"We all ask ourselves the question why is it that some of us are killed while others remain. The only answer is our faith in the wisdom of a supreme being. If he has chosen us to live there must be a reason. I have tried to reckon out why. Perhaps he has saved us because we are needed as witnesses to remind each other, and our folks, and folks everywhere that war is too full of horrors for human beings."
"I was not at all shocked with this execution at the time. John died seemingly without much pain. He was effectually hanged, the rope having fixed upon his neck very firmly, and he was allowed to hang near three quarters of an hour; so that any attempt to recover him would have been in vain. I comforted myself in thinking that by giving up the scheme I had avoided much anxiety and uneasiness."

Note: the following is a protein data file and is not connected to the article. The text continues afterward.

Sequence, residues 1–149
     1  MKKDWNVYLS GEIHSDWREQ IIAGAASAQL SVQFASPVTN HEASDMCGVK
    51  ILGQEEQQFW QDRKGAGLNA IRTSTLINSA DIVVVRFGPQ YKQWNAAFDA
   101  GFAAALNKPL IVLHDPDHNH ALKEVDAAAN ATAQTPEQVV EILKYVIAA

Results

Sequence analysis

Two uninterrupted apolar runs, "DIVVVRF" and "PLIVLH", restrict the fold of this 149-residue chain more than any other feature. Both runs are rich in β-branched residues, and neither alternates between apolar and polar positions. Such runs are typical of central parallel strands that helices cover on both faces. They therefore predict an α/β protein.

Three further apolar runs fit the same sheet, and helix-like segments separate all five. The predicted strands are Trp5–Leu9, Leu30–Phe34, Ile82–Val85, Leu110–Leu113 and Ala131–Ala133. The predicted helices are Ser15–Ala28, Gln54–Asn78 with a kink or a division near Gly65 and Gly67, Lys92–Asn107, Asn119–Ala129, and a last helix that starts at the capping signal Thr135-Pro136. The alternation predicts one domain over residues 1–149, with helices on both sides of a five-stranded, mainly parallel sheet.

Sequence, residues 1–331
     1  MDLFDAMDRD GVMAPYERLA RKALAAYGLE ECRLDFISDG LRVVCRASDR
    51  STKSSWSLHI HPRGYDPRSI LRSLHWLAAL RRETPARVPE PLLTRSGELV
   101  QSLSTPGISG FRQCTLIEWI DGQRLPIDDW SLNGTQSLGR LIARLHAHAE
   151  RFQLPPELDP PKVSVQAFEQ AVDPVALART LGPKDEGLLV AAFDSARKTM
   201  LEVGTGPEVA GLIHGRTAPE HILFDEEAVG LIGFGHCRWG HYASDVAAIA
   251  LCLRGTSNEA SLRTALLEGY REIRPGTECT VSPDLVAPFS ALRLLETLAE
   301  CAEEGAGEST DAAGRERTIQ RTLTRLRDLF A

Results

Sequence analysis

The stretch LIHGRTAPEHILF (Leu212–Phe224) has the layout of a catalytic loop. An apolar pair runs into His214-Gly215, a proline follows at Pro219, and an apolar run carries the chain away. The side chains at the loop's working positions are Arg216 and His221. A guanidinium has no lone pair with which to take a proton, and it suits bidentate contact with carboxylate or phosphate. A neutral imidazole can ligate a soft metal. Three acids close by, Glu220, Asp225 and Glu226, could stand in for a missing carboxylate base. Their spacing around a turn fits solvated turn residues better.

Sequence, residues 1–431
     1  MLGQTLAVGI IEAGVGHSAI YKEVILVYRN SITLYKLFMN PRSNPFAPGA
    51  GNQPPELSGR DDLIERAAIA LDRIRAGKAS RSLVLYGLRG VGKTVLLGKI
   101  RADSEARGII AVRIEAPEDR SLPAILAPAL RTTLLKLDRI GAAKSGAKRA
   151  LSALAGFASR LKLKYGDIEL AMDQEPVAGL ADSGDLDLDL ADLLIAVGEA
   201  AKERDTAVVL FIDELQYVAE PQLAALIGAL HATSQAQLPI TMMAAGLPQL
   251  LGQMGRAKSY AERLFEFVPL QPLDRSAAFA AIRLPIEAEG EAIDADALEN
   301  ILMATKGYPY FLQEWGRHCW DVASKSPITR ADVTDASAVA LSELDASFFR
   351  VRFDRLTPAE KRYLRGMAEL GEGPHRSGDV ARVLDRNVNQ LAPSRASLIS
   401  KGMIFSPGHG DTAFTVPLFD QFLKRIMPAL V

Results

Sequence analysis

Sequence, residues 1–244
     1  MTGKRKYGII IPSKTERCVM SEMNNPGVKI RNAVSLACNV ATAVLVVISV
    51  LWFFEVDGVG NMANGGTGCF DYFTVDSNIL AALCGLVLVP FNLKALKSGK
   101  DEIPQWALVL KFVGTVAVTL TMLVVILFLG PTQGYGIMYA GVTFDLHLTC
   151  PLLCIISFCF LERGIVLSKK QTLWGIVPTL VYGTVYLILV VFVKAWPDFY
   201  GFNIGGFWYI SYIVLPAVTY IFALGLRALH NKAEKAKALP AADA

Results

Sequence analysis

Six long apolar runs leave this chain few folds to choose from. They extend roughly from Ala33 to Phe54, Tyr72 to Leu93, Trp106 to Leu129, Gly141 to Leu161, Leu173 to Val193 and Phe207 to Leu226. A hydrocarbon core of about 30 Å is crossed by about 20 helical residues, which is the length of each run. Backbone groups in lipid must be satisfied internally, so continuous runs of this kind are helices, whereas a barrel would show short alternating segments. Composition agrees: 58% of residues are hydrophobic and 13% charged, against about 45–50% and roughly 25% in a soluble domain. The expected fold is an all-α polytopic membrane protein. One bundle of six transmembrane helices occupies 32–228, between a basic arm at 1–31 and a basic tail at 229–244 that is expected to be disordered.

"I make it a kind of pious rule to go to every funeral to which I am invited, both as I wish to pay a proper respect to the dead, unless their characters have been bad, and as I would wish to have the funeral of my own near relations or of myself well attended."
"My curiosity to see the melancholy spectacle of the executions was so strong that I could not resist it, although I was sensible that I would suffer much from it.... I got upon a scaffold near the fatal tree so that I could clearly see all the dismal scene.... I was most terribly shocked, and thrown into a very deep melancholy."
"I swear to keep the dead upon my mind,/Disdain for all time to be overglad./Among spring flowers, under summer trees./By chillingautumn waters, in the frosts/Of supercilious winter--all my days/I'll have as mentors those reproving ghosts."